The first state trial against opioid manufacturers is set to begin today in Norman, Oklahoma. The closely watched case is the first to go to trial of thousands of lawsuits brought by states, cities, counties, and Native American tribes against pharmaceutical companies for their role in the opioid abuse crisis.
The government plaintiffs seek billions of dollars in damages, purportedly to pay for the uptick in public spending on law enforcement, prisons, treatment, and social-welfare programs since the beginning of the opioid crisis.
As I wrote last summer in National Review,
Such lawsuits are a form of legalized extortion. Countless legal products and private activities contribute to increases in government spending.
Will the government next sue Anheuser-Busch for the economic costs of alcoholism? Can a case against Ford and GM to recoup the public cost of car accidents be far behind?
Spending money to address societal ills, both old and new, is what governments do. Suing companies into paying for public costs associated with the misuse of their products is a government shakedown.
And a successful one at that! In March, Purdue Pharma, the maker of OxyContin, settled with the state of Oklahoma for $270 million. On Sunday, Israel-based defendant Teva Pharmaceutical settled for $85 million. Teva admitted to no wrongdoing.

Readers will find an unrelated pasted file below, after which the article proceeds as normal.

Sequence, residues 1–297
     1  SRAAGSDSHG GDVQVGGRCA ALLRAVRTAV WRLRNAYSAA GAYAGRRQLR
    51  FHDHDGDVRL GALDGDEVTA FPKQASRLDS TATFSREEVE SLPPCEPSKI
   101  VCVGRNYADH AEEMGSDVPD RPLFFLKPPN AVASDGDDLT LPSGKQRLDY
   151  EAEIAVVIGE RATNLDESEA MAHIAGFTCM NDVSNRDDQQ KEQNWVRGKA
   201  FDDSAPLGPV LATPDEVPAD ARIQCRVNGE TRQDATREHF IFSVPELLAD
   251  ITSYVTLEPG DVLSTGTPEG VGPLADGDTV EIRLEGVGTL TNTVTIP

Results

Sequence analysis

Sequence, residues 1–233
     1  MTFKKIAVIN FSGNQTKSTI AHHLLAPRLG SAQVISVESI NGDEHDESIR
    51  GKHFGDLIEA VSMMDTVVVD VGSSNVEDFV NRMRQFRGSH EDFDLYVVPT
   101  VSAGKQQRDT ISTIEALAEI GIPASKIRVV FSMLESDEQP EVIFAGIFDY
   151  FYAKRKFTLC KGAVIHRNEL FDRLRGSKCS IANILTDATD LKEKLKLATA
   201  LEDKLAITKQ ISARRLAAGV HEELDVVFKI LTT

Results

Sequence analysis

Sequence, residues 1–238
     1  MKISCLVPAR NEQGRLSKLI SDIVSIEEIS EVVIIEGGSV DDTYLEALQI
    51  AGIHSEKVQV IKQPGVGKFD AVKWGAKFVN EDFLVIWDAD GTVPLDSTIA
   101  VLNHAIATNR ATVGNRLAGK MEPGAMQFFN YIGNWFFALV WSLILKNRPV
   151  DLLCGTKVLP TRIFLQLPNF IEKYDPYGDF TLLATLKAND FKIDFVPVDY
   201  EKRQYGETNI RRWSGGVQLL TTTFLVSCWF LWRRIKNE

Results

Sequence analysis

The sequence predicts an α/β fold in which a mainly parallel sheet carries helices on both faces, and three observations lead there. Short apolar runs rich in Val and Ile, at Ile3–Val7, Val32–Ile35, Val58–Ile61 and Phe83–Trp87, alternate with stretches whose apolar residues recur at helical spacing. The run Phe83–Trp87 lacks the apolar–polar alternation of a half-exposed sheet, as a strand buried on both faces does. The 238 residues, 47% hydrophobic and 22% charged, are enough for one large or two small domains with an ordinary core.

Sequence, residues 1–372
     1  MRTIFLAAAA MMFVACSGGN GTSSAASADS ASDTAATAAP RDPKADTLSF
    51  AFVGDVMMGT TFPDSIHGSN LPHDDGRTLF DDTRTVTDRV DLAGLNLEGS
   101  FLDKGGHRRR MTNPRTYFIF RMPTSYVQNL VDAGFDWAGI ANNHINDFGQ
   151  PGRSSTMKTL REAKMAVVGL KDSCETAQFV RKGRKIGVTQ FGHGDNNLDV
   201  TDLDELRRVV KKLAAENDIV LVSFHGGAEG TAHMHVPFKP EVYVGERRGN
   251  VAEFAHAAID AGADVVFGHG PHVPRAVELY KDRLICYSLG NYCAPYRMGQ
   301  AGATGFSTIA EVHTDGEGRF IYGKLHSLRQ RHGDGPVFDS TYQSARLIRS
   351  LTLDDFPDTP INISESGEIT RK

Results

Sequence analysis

That leaves Johnson & Johnson as the remaining defendant in the Oklahoma case. State Attorney General Mike Hunter plans to argue that Johnson & Johnson’s marketing practices created a “public nuisance” that will cost the state billions of dollars to remedy.
Earlier this month, a North Dakota judge rejected a similar argument against Purdue, saying pharmaceutical companies are not responsible for the misuse of their products.
In January, a Connecticut judge likewise dismissed 37 claims against pharmaceutical companies brought by state and local governments, calling such suits a form of “junk justice.” The Connecticut judge ruled that, as a matter of law, the municipalities are not able to prove a causal link between the company’s actions and the cost of government services nor are they able to identify specific municipal expenditures caused by specific defendants.
Despite these legal victories, some pharmaceutical companies are cutting their losses and settling.
Here’s Chairman of Purdue Pharma Steve Miller, writing in today’s Wall Street Journal:
While Purdue is prepared to defend these cases vigorously, it sees little good coming from years of litigation and appeals.
The people and communities affected by the opioid crisis need help now. Purdue understands that each day consumed by litigation is another in which critical resources don’t make it to the people who need them.
And, yet, Miller notes that the lawsuits keep coming:
[N]early 2,000 cases are still pending and more are added daily. Plaintiffs are doubling down on opioid litigation, along with a campaign of public vilification. It’s designed to damage the defendants before the true facts emerge in the legal cases.
Could it be that settlements, such as the one reached by Purdue and the state of Oklahoma, are only encouraging more lawsuits?